Physicists just showed how to overcome a major obstacle to fusion generator efficiency


The energy generated by nuclear fusion holds considerable potential as a clean and almost limitless source of power, but many obstacles need to be overcome before practical reality can be reached – and scientists may have just climbed on to each other.

New models of unwanted fusion phenomena called ‘chirping’ where significant heat can be lost from the reaction process have given experts a better idea of ​​how this happens and how to prevent it from happening.

As construction work continues on future fusion reactors, it is good knowledge to be in the public domain.

This conclusion applies to a typical donut-shaped fusion reactor design called a tokamak, such as being made in Iter, southern France. These reactors rely on a delicate balance between external magnetic fields and the dynamic plasma’s own writing magnetism to keep the entire fusion process flowing.

“For the fusion device to work, you need to make sure that the highly energetic particles within it are very well confined within the plasma core,” says physicist Vinicius Duttart of the Princeton Plasma Physics Laboratory (PPPL). “

“If those particles move to the edge of the plasma, you cannot maintain the steady-state burning plasma needed to make fusion-powered electricity a reality.”

Chirping occurs when there is a change in the frequencies of high-energy plasma waves, saving energy and heat, and possibly damaging the edges of the tokamak. Thanks to highly detailed, three-dimensional computer simulations created by researchers, some of the mechanisms behind that behavior have been identified.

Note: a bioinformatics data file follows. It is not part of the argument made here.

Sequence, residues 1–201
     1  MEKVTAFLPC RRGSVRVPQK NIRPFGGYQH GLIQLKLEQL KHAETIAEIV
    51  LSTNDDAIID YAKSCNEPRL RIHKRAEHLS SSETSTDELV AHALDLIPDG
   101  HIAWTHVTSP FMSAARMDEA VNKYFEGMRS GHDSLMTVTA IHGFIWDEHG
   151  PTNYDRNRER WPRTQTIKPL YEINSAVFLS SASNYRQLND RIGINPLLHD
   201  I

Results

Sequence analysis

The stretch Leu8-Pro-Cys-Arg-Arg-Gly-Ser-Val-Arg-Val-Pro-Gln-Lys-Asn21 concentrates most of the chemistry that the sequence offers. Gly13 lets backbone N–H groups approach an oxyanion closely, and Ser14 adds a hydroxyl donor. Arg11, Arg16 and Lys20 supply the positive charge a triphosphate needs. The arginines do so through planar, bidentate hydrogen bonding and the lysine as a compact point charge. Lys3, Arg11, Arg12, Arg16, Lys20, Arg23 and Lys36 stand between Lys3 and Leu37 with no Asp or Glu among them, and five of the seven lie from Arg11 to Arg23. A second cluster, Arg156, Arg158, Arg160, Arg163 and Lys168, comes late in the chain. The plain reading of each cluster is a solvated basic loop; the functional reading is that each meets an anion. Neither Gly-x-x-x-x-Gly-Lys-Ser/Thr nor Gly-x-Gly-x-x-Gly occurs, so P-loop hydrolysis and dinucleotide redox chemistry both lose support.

The models showed fast moving particles in the plasma core hitting the waves flowing through the ionized gas. When this happens, flakes are formed that move towards the edge of the plasma current.

Reassuringly, the models coincide with previous simulations, although new research adds additional depth and detail to what is actually going on inside the reactor. The final effect is to reduce the efficiency of the tokamak, which is not something you really want when you are trying to get a next-gen power source up and running.

“If you understand this, you can find ways to operate fusion facilities without it,” says physicist Rozko White.

What scientists are trying to do with Tokamak and other nuclear fusion designs is to mimic the reactions on the Sun – the small challenge. If we get it right, this process of mixing two atomic nuclei into one can give us a way to generate electricity from simple things like water and salt with very little waste products.

While the idea is a great one, it is intended to work in a way that is reliable, inexpensive, and accessible to all, still in some way closed. However, there are expectations that Fusion Energy may contribute to the grid within the next 10 years.

The simulation and software processing tools developed by the researchers here were custom-made for the job – such as in White’s words “building a microscope” to capture a specific event – and using the same model to re-analyze and improve in the future Can be done for. Tokamac Design.

“The devices developed in this research have enabled a glimpse into the complex, self-organized dynamics of lamps in a tokamak,” says Duttart.

Has been published in Physics of plasmas.

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